Arab leaders holding a summit in the Saudi capital, Riyadh, have urged Israel to accept an Arab peace initiative first proposed in 2002.
The summit brings together top leaders from Arab states
Under the plan, Arab nations would recognise Israel if Israel withdrew from land occupied in the 1967 war.
The plan allows for the creation of a Palestinian state and the return of Palestinian refugees.
Five years ago Israel rejected the plan but now the Israelis are reacting more positively to it, correspondents say.
Urging Israel not to immediately ask for amendments to the plan as it had five years ago, Arab League head Amr Moussa said the Middle East was at a crossroads.
"It is either we move towards a real peace or see an escalation in the situation," he told Arab League leaders in Riyadh.
SAUDI MIDDLE EAST PLAN
Also known as Beirut Declaration
Adopted by Arab League in 2002
Calls for "full Israeli withdrawal from all the Arab territories occupied since June 1967"
Calls for Israel's "acceptance of an independent Palestinian State, with East Jerusalem as its capital"
All Arab states would establish "normal relations... with Israel" and "consider the Arab-Israeli conflict ended"
Calls for a "just solution to the Palestinian refugee problem"
Israel rejected the 2002 plan outright after it was first proposed at an Arab summit in Beirut, but Mr Olmert is now giving it a guarded welcome, albeit with reservations linked to the issue of refugees.
However, the foreign policy spokesman for Israel's right-wing Likud party, Zalman Shoval, told the BBC that Israel could never accept the parts of the plan that call for the return of refugees who had lived in the territory of pre-1967 Israel.
"If 300,000-400,000, or maybe a million, Palestinians would invade the country, that would be the end of the state of Israel as a Jewish state," he said.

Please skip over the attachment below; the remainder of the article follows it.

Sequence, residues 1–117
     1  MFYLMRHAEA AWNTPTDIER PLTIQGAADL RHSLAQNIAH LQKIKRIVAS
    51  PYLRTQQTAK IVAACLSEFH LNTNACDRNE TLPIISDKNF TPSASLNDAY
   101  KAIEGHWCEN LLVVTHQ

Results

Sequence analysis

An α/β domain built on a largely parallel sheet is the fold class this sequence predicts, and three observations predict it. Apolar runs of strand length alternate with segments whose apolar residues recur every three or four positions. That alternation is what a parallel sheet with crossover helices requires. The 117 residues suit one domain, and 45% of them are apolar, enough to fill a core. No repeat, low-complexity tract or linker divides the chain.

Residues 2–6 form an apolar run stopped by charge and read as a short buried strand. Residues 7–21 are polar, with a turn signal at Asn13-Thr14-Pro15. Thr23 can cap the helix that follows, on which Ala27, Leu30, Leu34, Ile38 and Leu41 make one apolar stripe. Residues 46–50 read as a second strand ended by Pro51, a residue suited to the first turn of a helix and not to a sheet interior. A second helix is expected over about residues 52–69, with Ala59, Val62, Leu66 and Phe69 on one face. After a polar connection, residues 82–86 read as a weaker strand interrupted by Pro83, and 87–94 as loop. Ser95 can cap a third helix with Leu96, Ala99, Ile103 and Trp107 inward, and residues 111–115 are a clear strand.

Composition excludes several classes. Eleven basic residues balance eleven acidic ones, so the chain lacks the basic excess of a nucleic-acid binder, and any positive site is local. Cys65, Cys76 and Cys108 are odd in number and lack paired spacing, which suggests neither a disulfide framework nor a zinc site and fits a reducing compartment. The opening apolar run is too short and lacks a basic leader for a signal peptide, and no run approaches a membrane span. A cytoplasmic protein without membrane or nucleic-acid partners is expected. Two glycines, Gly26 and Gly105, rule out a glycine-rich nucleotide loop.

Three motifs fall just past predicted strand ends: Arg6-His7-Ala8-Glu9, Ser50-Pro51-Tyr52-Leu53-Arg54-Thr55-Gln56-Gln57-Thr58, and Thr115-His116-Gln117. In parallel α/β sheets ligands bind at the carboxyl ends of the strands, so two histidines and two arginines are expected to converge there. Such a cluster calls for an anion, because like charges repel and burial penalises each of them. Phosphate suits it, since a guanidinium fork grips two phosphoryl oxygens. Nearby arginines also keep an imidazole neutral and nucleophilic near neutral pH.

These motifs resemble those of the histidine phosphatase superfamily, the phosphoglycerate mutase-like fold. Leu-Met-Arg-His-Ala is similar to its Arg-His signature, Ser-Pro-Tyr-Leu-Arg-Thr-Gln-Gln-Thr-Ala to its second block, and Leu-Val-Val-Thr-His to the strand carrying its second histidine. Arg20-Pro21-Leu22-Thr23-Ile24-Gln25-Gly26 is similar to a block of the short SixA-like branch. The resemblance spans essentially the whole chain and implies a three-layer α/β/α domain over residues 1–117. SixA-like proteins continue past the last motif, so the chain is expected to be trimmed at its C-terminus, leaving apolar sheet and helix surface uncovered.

"That's not why we created the state."
BBC Middle East analyst Roger Hardy says the plan is being revived because it is a starting point on the Palestinian issue that most parties can accept - although with reservations.
It has also seen as a move to counter Iran's growing influence - an issue to be discussed in Riyadh, along with the potentially explosive situation in Lebanon, the war in Iraq and Darfur.
The summit is expected to create working groups to promote the plan in talks with the US, the EU, the UN and possibly Israel.
After a three-day tour of the Middle East aimed at reinvigorating the peace process, US Secretary of State Condoleezza Rice appealed to Arab states to reach out to Israel.
She said Israeli Prime Minister Ehud Olmert and Palestinian Authority President Mahmoud Abbas had agreed to meet every two weeks for talks.
'Pillar of peace process'
Leaders of 21 of the Arab League's 22 member states are attending the two-day summit. Libya is boycotting the meeting.
United Nations Secretary General Ban Ki-moon and the European Union's foreign policy chief Javier Solana are also attending.
Mr Ban told the summit that "the Arab peace initiative is one of the pillars of the peace process... [it] sends a signal that the Arabs are serious about achieving peace."
Correspondents say no-one expects any breakthroughs, but the fact that Saudi Arabia, the regional powerhouse, is being so pro-active means this will be one of the most scrutinised Arab League summits.